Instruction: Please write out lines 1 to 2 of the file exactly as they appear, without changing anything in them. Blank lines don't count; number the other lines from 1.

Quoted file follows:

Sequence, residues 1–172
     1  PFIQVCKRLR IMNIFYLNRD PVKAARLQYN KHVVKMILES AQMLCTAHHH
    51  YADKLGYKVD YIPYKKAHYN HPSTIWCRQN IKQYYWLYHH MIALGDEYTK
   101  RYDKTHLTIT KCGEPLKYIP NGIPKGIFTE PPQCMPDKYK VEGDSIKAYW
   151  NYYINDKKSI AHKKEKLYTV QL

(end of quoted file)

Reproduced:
Sequence, residues 1–172
     1  PFIQVCKRLR IMNIFYLNRD PVKAARLQYN KHVVKMILES AQMLCTAHHH